DHARNA NOOR: In that case Judge Alsup also said that, you know, blame alone cannot be put on these oil companies, because there should be some blame to share amongst people demanding that oil continue to be sold at the rate that it is. What’s your response to that? Is there any responsibility on the part of people who are using these products?

ANDRE DAVIS: Well, that’s why we want to go before a jury. In our tradition in this country, in both state court as it was in federal court, you know, there’s a constitutional right to a jury trial. And under Maryland law, when we have a legal claim, as we do- several legal claims, in this case. Primarily claims for nuisance and misrepresentation. We want to present our evidence to juries for jurors to assess that evidence under the law and make a determination as to what, if any, compensation should be paid to Baltimore City.

DHARNA NOOR: Some are skeptical about the suit. What do you say to those who say that this isn’t maybe the best use of resources, in light of all the other issues facing the city? For instance, in an op-ed in The Sun, one Canton resident said: In a city that has so many other problems, this isn’t a good way to spend taxpayer dollars. In Forbes, David Blackmon wrote that since the campaign to get big oil companies to pay for climate change is off to a rocky start, one would think that, quote: The city of Baltimore may have chosen to take a step back and possibly try a new angle. What’s your response to these kinds of critics and these kinds of naysayers?

ANDRE DAVIS: What I say is that Baltimore City has a very, very fine Department of Law. Unlike private law firms, the lawyers in the Department of Law don’t work by the hour. These are committed, dedicated public servants. No one comes to work as a lawyer for a governmental agency such as my department in order to get rich. These are public-spirited, public-minded people. And we work hard every day, doing the work that the city needs for us to do. We have a co-counsel in the case who will be doing a lot of the work along with us. And we have an arrangement with that co-counsel so that no financial burden on the city is incurred whatsoever in pursuing this lawsuit. We would be doing the work of the city, whether it was this particular lawsuit or some other lawsuits, such as the opioid lawsuit that we are also suing. So as city solicitor, I see a role for cities to play, and in particular Baltimore City to play, to seek compensation on behalf of the city. Not just to defend lawsuits, but to sue those who cause harm to the city. So I think it’s a wise use of the city resources that are devoted to this effort.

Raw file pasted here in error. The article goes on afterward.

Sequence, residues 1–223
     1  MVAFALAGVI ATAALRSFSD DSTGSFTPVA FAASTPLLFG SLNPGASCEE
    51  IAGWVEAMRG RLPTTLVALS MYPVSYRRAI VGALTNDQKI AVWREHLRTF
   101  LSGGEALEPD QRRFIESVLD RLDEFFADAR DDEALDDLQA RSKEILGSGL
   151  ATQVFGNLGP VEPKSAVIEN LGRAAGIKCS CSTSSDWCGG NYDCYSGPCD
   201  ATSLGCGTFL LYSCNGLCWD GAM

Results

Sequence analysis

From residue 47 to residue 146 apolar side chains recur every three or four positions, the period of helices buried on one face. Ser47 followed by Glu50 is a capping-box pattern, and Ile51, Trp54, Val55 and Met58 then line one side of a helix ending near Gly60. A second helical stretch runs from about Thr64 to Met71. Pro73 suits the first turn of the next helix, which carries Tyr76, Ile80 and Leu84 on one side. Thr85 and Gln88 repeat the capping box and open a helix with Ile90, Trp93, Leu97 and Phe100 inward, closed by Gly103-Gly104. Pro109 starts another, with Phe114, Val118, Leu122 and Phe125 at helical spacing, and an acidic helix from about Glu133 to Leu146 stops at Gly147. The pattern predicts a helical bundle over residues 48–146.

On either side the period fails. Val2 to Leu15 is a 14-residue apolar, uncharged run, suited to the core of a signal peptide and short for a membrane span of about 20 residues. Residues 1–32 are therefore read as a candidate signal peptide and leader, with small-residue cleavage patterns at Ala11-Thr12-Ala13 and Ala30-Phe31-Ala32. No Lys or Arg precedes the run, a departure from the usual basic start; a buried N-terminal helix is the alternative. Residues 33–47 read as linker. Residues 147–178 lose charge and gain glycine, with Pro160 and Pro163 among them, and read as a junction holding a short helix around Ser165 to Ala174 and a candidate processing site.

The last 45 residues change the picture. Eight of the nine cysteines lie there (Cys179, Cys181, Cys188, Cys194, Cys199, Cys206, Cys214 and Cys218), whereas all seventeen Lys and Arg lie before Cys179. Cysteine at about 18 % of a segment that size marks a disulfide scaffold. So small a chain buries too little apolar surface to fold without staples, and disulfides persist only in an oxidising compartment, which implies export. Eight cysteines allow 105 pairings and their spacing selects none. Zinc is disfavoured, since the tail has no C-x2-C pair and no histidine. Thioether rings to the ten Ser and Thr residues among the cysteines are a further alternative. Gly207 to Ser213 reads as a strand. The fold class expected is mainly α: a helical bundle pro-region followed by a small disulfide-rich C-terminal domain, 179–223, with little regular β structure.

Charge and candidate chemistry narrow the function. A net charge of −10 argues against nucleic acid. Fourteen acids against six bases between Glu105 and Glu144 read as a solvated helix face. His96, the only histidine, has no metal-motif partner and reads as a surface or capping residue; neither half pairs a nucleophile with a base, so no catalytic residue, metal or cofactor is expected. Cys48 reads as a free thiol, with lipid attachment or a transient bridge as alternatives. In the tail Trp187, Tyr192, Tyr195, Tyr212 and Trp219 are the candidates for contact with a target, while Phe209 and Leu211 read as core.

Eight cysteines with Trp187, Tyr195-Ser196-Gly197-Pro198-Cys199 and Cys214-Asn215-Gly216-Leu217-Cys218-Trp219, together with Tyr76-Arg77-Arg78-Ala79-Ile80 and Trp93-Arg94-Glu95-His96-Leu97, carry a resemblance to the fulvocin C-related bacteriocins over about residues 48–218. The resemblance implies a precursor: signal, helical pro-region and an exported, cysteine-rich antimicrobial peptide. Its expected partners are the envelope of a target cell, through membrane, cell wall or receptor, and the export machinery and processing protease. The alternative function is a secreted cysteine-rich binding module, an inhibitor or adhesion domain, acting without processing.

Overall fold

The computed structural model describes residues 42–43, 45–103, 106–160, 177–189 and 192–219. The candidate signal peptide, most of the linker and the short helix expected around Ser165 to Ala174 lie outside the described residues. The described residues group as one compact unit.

DHARNA NOOR: Right. And as you mentioned, climate change is already putting a lot of stress on the city’s infrastructure by creating more extreme weather, more rain, which can lead to more flooding, more extreme heat and extreme cold. Talk a little bit about some other efforts that we can expect from you and from others in the city to sort of promote climate adaptation and mitigation.

ANDRE DAVIS: Well, part of what we hope to achieve, certainly by this lawsuit, is to enhance the education of our citizens about climate change and the consequences of doing so to the extent that, for example, the city gets attention from renewable energy companies that will enhance the ability of our people to seek jobs. Green energy is a very important feature going forward in this country. And so we are hoping, again, through our consciousness of the consequences of climate change and our determination to do something about it that we will attract attention from those who will join with us in mitigating some of these consequences.

The the field is wide open for creative minds to bring to bear solutions and mitigating efforts to bring about some. Some relief from what we know is very, very serious harm to our climate.

DHARNA NOOR: And lastly, talk a little bit about where the funds will go, specifically if the lawsuit is won. What kinds of efforts could this funding help boost?

ANDRE DAVIS: Well you know, I have to say, we just saw in this heavy rain that we suffered through in the last several weeks the consequences to our water and sewer system. And I have no doubt that if we were able to get some compensation through this lawsuit, or otherwise, that significant funds would be devoted to the continuing work to upgrade our sewer infrastructure, our underground conduit system, so that we don’t suffer the kinds of consequences from heavy rains that are likely not only to continue in coming years, but to increase before we begin to see some of the mitigating effects that the efforts at the national level are intended to have.

Beyond that, I think that in any way that we can use additional funds to mitigate, particularly to the voiceless and to those living under the press of limited resources, that’s something that we would certainly expect the mayor and the City Council to direct their attention to.

DHARNA NOOR: All right. Thank you so much, Solicitor Davis, for coming in.

ANDRE DAVIS: It’s been my pleasure. Thank you for devoting attention to this important case and these important issues.

DHARNA NOOR: And we hope to see you again as this suit ramps up, and we hope to get an update from you.

ANDRE DAVIS: And I will certainly promise you that, and I hope it’s a good news update.

DHARNA NOOR: Thank you so much.

ANDRE DAVIS: Thank you.

DHARNA NOOR: And thank you for joining us on The Real News Network.

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Dharna Noor is a staff writer at Earther, Gizmodo's climate vertical.